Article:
1:22: The frame seems to be halfway complete now.  I need to place the spokes into the holes for the headboard.  It looks as though they will easily screw right in.

1:23: The spokes will not easily screw right in.

1:25: The spokes can be jammed in and hammered together with a mallet, however.

1:54:  Whoever invented this God forsaken allen wrench to begin with?

2:03: I can’t fit “tab AAA” into “slot ZZZ,” so I am Gorilla Gluing the pieces together. Thank the gods that be for Gorilla Glue.

2:14: This bed is surely one of the nine circles of Hell that Dante referenced.

2:56: I never want to sleep on this piece of crap bed frame.  May all of the designers of this bed frame live forever in a flea-infested home.

3:24: I am done.  I have sixteen extra pieces, but I have no idea where they belong.  I am going to ignore the extra nut and bolt, too.

3:29: I am drinking a bottle of wine and trying to get my animals to come out from under the couch.  My daughter chooses this moment to remind me that I owe her $15.

3:30: I Gorilla Glue $15 to my daughter’s shirt. The one she’s wearing.

All told, I am thrilled that I put the thing together myself; I’m always proud when I finish a complicated project.  I also keep reminding myself of just how cheap this thing was … that cheers me up a bit. That said, I can’t help but wonder two things.  How on earth will I ever get this thing apart again when I’m ready to move?

And how do I unglue my fingers from the dog?

Lessons Learned

It was a typical day at Sam’s Club and there I was with my army-sized supply of toilet paper and a five-quart jug of peanut butter, waiting in line.  I was standing behind a group of elderly ladies and trying not to be nosy, but since two of the three were wearing hearing aids that appeared to be off, it was hard not to listen.

The first thing that hit me is that when you get older, your give-a-damns just disappear.  Nothing is off-limits.  I. Cannot. Wait.  I love these women. I want to be these women. I thought I had a snarky attitude, but I could learn a thing or two from these lovely seniors. They are my heroes.

Emily:  Yeah, I am so happy I found the value pack of these Depends. The Grateful Dead tribute band tickets go on sale next week and I want to be ready to stand in line.

Margaret:  Did you see the gallon sized Preparation H?  I didn’t see the gallon size of the Preparation H.

Joan:  What?

The next thing I realized is that these ladies, easily in their 90’s, get lucky way more often than I do.

Emily:  I’ve got a date with George tonight.

Margaret:  Didn’t you break your hip last time you saw George?

Emily (with a faraway smile):  Why yes, yes, I did.

Joan:  What?

And that being older doesn’t necessarily mean being nice. My Grandma Mooney taught me this lesson. These women just solidified the idea.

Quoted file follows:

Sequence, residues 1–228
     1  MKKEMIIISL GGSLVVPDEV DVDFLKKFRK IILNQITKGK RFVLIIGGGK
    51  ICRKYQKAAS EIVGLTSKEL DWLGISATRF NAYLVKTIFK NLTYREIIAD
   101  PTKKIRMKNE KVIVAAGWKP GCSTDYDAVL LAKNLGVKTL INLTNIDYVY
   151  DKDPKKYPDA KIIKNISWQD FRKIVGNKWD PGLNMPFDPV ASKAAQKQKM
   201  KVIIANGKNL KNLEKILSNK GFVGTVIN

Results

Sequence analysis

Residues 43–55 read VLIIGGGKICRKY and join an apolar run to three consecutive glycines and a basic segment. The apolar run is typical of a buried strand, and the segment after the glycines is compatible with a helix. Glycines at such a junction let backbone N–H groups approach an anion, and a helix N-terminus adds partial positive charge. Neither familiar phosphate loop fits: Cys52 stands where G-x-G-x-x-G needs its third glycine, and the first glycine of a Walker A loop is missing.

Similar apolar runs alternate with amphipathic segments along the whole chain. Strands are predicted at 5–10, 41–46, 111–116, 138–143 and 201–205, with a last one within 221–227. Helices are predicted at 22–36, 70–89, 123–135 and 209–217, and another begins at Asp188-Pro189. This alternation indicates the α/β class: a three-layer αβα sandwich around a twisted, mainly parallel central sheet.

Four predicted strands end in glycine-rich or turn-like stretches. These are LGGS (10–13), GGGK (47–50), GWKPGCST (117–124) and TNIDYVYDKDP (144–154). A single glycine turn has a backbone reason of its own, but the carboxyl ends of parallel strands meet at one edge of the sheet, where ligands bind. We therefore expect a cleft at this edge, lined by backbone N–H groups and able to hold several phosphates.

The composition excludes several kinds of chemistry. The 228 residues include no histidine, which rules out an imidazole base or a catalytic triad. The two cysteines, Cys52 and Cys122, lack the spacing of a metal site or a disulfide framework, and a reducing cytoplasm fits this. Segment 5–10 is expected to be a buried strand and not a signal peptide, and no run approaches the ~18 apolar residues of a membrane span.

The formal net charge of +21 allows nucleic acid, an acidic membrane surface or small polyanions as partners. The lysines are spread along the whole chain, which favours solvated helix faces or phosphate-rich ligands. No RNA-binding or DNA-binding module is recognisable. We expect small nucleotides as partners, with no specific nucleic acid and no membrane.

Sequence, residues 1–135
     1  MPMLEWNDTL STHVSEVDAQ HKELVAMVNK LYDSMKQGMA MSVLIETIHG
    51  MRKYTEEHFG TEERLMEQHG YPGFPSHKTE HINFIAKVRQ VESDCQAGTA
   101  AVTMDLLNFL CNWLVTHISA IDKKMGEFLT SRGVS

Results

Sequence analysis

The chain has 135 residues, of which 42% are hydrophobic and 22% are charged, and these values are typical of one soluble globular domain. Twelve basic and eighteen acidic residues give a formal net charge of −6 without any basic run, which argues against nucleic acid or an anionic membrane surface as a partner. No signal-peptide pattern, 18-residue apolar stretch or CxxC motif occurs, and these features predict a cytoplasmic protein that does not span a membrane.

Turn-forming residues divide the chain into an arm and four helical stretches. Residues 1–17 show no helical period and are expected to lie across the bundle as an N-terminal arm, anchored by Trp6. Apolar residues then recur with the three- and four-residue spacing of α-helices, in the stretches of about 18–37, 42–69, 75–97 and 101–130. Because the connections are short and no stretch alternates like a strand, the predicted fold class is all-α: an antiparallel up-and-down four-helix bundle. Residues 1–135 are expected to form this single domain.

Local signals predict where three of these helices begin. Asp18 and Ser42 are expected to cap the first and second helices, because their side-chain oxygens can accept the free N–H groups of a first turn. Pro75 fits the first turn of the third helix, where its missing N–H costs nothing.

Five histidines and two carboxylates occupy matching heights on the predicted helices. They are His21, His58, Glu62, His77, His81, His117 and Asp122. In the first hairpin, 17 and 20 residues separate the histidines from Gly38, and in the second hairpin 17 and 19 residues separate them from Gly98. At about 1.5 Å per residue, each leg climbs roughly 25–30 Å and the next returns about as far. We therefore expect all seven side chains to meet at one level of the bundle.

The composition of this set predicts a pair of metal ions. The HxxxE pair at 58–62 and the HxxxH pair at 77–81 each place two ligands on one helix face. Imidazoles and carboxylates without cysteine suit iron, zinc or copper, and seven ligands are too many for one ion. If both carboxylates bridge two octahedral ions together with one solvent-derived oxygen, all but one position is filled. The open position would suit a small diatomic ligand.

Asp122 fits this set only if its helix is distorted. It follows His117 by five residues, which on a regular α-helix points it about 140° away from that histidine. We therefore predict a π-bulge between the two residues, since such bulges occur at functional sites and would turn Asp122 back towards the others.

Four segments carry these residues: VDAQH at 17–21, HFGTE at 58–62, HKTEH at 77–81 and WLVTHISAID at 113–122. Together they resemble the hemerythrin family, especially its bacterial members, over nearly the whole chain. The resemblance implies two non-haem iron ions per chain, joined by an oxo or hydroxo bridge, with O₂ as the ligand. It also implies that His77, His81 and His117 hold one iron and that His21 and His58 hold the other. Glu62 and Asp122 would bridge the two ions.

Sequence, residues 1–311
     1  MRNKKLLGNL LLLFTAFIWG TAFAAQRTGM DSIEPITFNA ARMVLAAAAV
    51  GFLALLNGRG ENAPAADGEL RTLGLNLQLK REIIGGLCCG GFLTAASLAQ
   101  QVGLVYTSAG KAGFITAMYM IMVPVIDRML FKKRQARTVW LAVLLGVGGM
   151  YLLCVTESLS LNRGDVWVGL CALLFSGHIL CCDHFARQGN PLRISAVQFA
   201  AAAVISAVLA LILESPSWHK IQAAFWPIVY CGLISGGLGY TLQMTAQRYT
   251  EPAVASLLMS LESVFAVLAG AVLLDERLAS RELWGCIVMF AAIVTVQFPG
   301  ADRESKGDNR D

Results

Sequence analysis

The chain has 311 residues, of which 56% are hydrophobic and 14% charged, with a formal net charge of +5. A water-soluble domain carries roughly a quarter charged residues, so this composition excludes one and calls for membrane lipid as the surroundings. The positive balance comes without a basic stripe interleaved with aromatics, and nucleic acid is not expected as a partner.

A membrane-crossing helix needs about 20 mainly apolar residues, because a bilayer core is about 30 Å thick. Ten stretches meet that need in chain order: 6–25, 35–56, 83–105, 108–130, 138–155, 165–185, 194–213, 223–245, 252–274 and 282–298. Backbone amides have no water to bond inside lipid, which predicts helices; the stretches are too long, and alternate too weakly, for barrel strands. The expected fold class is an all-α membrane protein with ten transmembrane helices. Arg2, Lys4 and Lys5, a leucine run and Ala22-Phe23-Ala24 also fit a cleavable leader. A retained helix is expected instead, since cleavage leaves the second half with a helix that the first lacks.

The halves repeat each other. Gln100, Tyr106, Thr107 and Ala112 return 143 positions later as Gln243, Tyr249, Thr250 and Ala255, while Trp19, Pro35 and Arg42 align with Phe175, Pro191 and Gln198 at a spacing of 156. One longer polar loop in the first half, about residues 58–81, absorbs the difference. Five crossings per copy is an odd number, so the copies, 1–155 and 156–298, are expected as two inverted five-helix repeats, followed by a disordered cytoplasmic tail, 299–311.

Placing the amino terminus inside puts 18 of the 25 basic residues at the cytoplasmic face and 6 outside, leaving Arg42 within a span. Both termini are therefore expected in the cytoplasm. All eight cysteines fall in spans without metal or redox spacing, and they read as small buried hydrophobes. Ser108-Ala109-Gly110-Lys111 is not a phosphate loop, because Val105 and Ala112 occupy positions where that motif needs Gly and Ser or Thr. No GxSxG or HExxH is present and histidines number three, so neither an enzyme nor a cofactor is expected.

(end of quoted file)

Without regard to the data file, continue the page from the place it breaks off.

Emily:  Did you see Ethel’s bathrobe last night at the buffet?  I can’t believe she’d wear that!  It shows everything she’s got, the wrinkled old bitty.

Margaret (stage whisper):  I heard that she’s sleeping with Frank.

Emily:  Frank has the clap.

Joan:  What?

They didn’t quite get the whole concept of social media – though, really, this was to be expected. These ladies were obviously out and about and active, and no doubt spending their free time with tribute bands, and seriously, who wouldn’t?… with no time for idly sitting in front of a computer.

Emily:  I saw my youngest great-granddaughter, Jessica, today. She was busy on her cellular phone, putting on posts to Snaptalk.

Margaret (with a not-so-slight tone of ‘I know better than you’):  It’s Facechat, dearie.

Emily:  What?

Joan:  What?

I had a little déjà vu when we got closer to the check-out … I swear, I’ve had this same conversation with my mother. I won’t tell you which one of us is which in this scenario.

Emily:  Margaret, hand me my checkbook.  I think I have one check left in there.

Margaret (busily counting quarters and pennies): No, Emily, you used that in the dollar store.

Emily:  Are you sure?  Hand me my pocket-book.  Are you sure?

Margaret:  One hundred thirteen, one hundred fourteen… damn it, Emily, you made me lose count!

Emily:  Found it!  Now where is my license? 

Joan:  What?

I felt bad for listening in and was trying to read a magazine to drown them out, but they just wouldn’t stop.  These ladies never met an ailment they didn’t like and enjoyed the challenge of topping each other’s illnesses:

Emily:  My knees are really acting up today.

Margaret:  Oh?  My blood pressure is up.

Emily:  My heart feels funny…

Margaret:  I died last night, but I feel better now.

Joan:  What?

At this point, I felt like I knew them personally, so I made sure to wish them a great day.  Emily and Margaret nodded and smiled, heading out the door, but Joan looked at me blankly.  I repeated, “Have a nice day” in my outside voice and she leaned towards me.

“You know, I can hear perfectly well. I just find it more fun if it appears that I can’t. I’m seeing George on the side, Ethel’s my sister, I gave Frank the clap, and honestly, I can’t stand those two.”  Then she smiled and toddled after her friends to the door.

One last lesson I learned about the elderly today?  I cannot wait until I’m old enough to be Joan!